Tuesday, January 06, 2009
This Monday, I went by my local barber to get trimmed up for the coming exams period at MUCG. Upon hearing my tale, Mary Kay suggested I blog about it some.
There are more barber shops around here than you can shake a stick at. The Ghanaians are very much more likely to work in the "informal economy" than would folks in the US. This means that they do not register as a business, and the payment of Social Security or other taxes is "informal," i.e., "not done." Typical businesses include hair salons, small corner stores (stocking bread, eggs, Milo, tomato paste, rice, oil), "Comm Centers" which may include internet cafe for browsing, text processing, faxing, and other business services.
When I arrived at my usual barber (whose container is about 0.8 km from our house) there were two barbers at work, so I spent some time on the couch waiting. One was getting the usual cut, about 1/8 inch long all around, while the other was having his head shaved smooth. That's one of the things I love about Ghana, for men my age, not having any hair is not really a problem, since everyone cuts their hair so short anyway. Above are photos of the the NDC and NPP candidates for president in the recent election (NDC won after some nervous days), and the outgoing president, as examples of what I'm talking about.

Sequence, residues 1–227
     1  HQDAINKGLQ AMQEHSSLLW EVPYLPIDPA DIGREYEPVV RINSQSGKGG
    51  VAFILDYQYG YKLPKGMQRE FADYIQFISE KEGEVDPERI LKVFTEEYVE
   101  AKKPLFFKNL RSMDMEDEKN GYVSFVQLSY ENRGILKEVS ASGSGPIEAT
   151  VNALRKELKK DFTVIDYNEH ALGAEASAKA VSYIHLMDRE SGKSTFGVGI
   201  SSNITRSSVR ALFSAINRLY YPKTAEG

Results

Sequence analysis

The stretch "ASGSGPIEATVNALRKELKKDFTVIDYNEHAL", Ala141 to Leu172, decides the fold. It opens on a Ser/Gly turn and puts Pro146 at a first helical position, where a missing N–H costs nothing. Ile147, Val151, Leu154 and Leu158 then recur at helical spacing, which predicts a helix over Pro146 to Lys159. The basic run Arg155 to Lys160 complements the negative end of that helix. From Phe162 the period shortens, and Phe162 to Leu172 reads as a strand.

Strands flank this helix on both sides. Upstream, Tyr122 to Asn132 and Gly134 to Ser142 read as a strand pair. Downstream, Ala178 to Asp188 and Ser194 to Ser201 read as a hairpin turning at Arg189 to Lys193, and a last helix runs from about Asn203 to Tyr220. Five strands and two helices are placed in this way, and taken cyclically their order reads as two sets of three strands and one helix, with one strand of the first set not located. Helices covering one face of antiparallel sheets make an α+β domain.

The owner swept out the area near his chair, then escorted me to it. He unwrapped a six-foot length of t-roll (toilet paper in the US) to wrap around my neck, then covered me with a white apron just like in the states. There was no discussion about the style of a haircut, either because he only knows one style, or there's not enough hair on my head to do much other than that anyway!
They use the same buzzy razors that are used in the US, with various comb attachments to control the length of hair left standing. The haircut went as usual until the part where in the US you would have been daubed with alcohol to tighten your skin. Here, the barber went out in the street with a plastic bowl, scooped some water out of a bin, then returned inside where he poured some hot water out of his teapot, mixing with some "Dettol" a disinfectant similar to what is sold under the name "Lysol" in the US. Using a hand towel, he then rubbed down my head all over and then followed up with hair spray, which here came in a lady-like pink shade. Glancing at the ingredients, I noticed three - perfume (obviously needed, so I didn't smell like a freshly washed floor or toilet leaving the shop), protein (to give you hair "body"), and sun screen.
As you can see in the photo above, I'm ready to go for another month or so.